Automotive giant Volkswagen yesterday overtook SAP as Germany’s most valuable listed company after its shares rose 11%, increasing the company’s valuation to more than $166bn. SAP’s value meanwhile slipped to $151bn. The reshuffle at the top table of German industry reflects growing investor confidence that the manufacturers of the iconic VW ‘beetle’ may eventually supplant Tesla Inc. as the world’s leading global electric vehicle manufacturer.
Their confidence was boosted earlier this week when Volkswagen Chief Executive Officer Herbert Diess made back-to-back presentations on how he intends to turn VW into the leading electric-car company by investing in battery factories and by moving a majority of its forthcoming electric vehicle range into a single next-generation battery format.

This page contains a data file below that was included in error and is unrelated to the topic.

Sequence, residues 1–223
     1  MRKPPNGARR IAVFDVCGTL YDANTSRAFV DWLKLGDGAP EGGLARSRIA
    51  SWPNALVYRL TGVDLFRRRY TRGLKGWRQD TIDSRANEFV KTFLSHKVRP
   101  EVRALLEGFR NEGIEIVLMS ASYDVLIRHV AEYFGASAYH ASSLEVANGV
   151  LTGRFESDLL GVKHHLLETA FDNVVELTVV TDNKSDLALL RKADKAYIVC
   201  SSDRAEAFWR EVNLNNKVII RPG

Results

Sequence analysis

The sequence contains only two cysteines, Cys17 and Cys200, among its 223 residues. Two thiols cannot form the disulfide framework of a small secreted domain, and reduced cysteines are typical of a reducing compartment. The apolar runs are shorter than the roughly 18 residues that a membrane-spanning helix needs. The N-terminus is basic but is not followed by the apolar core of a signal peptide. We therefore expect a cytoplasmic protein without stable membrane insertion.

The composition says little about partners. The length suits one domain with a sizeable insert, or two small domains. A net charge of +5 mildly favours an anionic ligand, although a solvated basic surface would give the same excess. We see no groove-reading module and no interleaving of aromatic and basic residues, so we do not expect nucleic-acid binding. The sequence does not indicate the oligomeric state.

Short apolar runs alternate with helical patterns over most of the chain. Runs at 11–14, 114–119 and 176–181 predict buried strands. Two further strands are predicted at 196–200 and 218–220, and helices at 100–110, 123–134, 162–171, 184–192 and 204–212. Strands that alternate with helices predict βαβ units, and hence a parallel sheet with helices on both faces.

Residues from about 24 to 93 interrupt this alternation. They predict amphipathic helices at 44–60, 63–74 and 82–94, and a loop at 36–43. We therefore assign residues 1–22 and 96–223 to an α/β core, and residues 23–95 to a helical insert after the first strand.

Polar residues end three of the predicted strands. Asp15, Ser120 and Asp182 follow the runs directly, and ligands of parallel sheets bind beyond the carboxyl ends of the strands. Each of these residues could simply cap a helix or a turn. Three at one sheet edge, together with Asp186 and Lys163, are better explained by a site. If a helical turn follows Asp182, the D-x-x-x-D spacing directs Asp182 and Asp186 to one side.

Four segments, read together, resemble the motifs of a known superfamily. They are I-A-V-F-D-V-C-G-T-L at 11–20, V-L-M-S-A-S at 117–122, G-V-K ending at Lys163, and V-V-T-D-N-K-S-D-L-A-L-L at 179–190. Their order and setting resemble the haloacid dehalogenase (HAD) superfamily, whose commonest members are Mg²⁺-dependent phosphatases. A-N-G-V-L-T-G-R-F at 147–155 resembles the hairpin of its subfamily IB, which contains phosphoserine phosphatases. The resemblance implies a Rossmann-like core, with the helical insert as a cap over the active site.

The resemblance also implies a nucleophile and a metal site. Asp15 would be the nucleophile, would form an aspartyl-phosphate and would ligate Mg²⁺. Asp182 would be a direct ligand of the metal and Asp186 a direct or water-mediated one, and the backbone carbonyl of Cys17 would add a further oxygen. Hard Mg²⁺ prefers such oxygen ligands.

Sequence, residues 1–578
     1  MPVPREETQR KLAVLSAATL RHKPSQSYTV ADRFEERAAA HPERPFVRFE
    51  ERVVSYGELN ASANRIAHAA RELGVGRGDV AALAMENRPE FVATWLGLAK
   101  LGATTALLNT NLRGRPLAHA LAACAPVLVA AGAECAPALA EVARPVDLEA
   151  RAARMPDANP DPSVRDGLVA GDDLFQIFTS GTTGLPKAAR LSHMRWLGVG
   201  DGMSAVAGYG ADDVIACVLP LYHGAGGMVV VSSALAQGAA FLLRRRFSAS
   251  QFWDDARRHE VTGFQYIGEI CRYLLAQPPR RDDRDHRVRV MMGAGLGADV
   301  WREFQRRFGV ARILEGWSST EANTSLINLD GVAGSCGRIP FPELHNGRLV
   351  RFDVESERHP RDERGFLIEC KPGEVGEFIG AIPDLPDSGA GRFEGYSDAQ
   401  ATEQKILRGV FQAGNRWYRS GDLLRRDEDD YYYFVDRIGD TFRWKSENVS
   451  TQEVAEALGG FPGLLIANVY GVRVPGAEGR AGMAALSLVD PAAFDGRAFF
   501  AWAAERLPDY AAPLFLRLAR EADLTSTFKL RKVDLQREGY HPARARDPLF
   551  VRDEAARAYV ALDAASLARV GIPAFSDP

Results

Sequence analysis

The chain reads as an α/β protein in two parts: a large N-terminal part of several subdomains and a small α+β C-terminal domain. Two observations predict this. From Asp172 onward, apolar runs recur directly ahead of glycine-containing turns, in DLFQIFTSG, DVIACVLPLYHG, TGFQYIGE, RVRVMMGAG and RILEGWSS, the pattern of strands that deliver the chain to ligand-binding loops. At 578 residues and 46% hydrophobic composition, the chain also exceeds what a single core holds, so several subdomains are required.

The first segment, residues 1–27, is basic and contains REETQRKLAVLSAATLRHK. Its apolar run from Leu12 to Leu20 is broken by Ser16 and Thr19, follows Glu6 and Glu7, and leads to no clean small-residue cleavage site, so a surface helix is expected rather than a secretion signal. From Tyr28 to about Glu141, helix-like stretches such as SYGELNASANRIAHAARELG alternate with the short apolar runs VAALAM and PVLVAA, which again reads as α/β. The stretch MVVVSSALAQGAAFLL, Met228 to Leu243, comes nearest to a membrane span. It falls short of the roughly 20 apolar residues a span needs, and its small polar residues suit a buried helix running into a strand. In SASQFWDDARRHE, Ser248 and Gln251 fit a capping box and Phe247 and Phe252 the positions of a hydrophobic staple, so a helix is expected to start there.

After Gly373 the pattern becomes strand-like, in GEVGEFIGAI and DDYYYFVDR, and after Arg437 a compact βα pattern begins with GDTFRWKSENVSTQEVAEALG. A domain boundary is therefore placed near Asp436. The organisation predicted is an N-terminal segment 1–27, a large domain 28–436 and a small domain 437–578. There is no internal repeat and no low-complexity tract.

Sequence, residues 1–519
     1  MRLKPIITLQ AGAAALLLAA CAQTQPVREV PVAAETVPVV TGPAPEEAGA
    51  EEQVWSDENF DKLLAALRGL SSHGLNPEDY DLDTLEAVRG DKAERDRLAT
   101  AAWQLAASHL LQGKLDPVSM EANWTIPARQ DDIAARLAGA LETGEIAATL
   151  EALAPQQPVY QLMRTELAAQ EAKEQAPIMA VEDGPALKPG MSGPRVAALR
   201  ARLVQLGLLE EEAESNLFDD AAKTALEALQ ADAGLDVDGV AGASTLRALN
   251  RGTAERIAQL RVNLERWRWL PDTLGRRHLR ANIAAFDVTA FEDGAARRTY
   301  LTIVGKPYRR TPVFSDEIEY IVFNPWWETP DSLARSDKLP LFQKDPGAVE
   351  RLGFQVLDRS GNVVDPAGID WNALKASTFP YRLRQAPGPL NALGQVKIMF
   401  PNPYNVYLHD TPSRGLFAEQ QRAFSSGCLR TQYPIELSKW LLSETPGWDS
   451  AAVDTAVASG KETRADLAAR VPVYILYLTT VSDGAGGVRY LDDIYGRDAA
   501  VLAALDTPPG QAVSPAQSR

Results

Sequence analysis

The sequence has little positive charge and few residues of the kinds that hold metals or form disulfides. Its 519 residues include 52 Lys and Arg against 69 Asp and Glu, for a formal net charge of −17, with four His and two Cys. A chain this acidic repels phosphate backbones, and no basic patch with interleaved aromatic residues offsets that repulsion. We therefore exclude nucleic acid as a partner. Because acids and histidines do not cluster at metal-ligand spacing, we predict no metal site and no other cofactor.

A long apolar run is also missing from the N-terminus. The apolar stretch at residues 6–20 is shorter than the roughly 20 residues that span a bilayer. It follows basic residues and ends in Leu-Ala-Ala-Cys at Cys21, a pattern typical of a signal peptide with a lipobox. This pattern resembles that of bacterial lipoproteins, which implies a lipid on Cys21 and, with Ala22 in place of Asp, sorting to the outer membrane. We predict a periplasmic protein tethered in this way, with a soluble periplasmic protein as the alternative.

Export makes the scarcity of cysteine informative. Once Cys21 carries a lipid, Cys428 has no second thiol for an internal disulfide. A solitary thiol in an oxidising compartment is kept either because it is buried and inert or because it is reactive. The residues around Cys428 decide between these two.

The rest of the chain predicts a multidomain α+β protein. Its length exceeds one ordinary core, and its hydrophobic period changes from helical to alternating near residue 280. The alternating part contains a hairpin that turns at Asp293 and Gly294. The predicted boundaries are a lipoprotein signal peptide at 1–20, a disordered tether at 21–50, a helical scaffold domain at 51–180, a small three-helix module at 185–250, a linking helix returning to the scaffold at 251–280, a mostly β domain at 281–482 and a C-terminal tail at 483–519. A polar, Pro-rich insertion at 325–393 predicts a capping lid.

Officially known as Unified Battery Cell, Volkswagen’s new product will be prismatic rather than cylindric; prismatic cells have gained popularity because their large capacity and shape that make it easy to connect four of them together to create a 12V battery pack. It is scheduled to enter production in 2023 and is expected to drive 80% of the company’s EV fleet by 2030.
In a press release issued by the company this week. Volkswagen said that it intended to gradually reduce the cost of batteries in the entry-level segment by up to 50% and in the volume segment by up to 30%. The remaining 20% of production will rely on special chemistries for unique usage cases, including heavy-duty commercial trucks and high-performance models including Porsche.
In the immediate future, Volkswagen plans to sell one million electric or hybrid cars this year — a near tenfold increase since 2019 — as the German carmaker sets its sights on a recovery in profits after the pandemic. Sales of battery-only cars tripled to 231,000 in 2020, but the company expects an even faster take-up this year, boosted by new model launches. Of the one million electric cars it expects to sell, about half will be battery-only, with the rest plug-in hybrid models.